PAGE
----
- and it whispers (1), 2019
- Changers Are Shifting Outside 1, 2019
- language is leaving me (1), 2019
- leaving behind (1), 2019
- Unending Absence 1, 2019
- Wondering If 1, 2019
- memories going round and round (7), 2020
- a simple place (4), 2020
- changing words (1), 2020
- edge of my dream (1), 2020
- edge of my dream (2), 2020
- i want to close my eyes and see you (1), 2020
- i want to close my eyes and see you (6), 2020
- i woke up to the morning sky first (1), 2020
- many things on my mind (1), 2020
- memories going round and round (1), 2020
- memories going round and round (2), 2020
- memories going round and round (3), 2020
- memories going round and round (4), 2020
- memories going round and round (5), 2020
- memories going round and round (6), 2020
- Moon Is Bright Outside, 2020
- one morning when (1), 2020
- one morning when (2), 2020
- see enough and write it down (1), 2020
- see enough and write it down (2), 2020
- some situation somewhere (1), 2020
- some situation somewhere (2), 2020
- spring promises (3), 2020
- the edge of my dream (1), 2020
- Wait For Me Here 2, 2020
- when the day arrives ahead of me (4), 2020
Sarah Hinckley grew up in Cape Cod, and her airy, sumptuous artworks reflect the sea and open skies of the geography found there. She also studied and worked in New York with its ongoing tradition of abstraction, which influences her current mature style which follows a path established by Mark Rothko and Agnes Martin, both proponents of a painterly, poetic abstraction. This combination of openness and subtle nonobjective effect recalls both a particular locale or place, and a painting tradition that contributes to a present-day lyricism that feels familiar, made so by our awareness of an especially American point of view. However, Hinckley’s style is very much her own, driven as it is by an abiding concentration directed toward the minimal and reductive effects of contemporary abstraction. Her work cannot be said to exist as a series, yet similarities between paintings or works on paper indicate that her efforts are part of an encompassing whole. The large and open central spaces occur along a continuum that unifies our visual experience of her approach and thinking process.
Perhaps the most engaging aspect of Hinckley’s painting is the combination of her attraction for minimal or simplified imagery, combined with her penchant for creating a visually gratifying work of art. She does in fact do this, realizing the shapes in her art, which are usually organic in nature, link her paintings with an esthetic of elegant simplicity. Yet we cannot see the art as merely simple or reductive; instead, its eloquence and lyricism originate in the Hinckley’s willingness to present a unified field of painting in which the poetry of her observations, no matter whether they occur on the edge or in the center of her compositions, communicates the openness of an unobstructed view. The results are not so much an alternative as a variant on mainstream painting. Thus, her lyricism and her feeling for structure are equivalent. This means that the emotional content cannot be separated from its formal expressiveness, which can only happen when an artist’s work is both strong and compelling.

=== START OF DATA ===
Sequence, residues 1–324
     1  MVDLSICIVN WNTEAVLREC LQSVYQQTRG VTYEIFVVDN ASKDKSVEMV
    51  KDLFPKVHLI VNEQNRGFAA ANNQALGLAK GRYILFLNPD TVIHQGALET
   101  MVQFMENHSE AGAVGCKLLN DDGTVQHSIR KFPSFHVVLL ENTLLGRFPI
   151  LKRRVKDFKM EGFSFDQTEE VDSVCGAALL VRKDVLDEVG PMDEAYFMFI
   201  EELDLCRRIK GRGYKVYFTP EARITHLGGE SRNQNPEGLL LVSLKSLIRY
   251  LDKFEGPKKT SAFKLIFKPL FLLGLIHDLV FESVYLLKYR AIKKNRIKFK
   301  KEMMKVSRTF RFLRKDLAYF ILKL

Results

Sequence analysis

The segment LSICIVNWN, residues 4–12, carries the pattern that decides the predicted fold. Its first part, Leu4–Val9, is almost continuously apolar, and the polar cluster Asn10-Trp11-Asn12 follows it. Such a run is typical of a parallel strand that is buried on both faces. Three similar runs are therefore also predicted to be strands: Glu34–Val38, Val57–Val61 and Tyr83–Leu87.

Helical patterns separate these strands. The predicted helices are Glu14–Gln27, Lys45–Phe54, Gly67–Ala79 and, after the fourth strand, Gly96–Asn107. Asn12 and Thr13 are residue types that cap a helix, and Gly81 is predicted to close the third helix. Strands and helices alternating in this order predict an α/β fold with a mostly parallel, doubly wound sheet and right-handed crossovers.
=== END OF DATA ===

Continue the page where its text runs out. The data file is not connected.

The paintings tend to be defined by their peripheral effects, while the works on paper are less sparsely populated. In both cases, the organic is emphasized--this is not hard-edged geometric work, although Hinckley’s soft-edge organicism is resolutely nonobjective. Today, abstraction in art remains viable, in large part because painters like Hinckley keep it alive in displays of imagery that both challenge our sensibility and at the same time address a need for a beauty that cannot be easily dismissed. Indeed, beauty is key to our perception of Hinckley’s art, which refuses any excessively easy avenue of attractiveness even as it makes its claims based upon poetics that can be linked both to the pastoral and the urban. Thus, the rounded shapes and more linear forms that coexist in her watercolors are interesting because they tied together by color. In fact, color should not be seen as a secondary, but rather a primary interest in her work, which retains a persistent reading of nature even as its repertoire of styles link it to historical and artistic advances in New York abstraction. This means that our experience of Hinckley’s accomplished sensibility is a complex one, aided by her persistent regard for shape and color’s ability to build nearly celestial (but also earthy) structures on their own.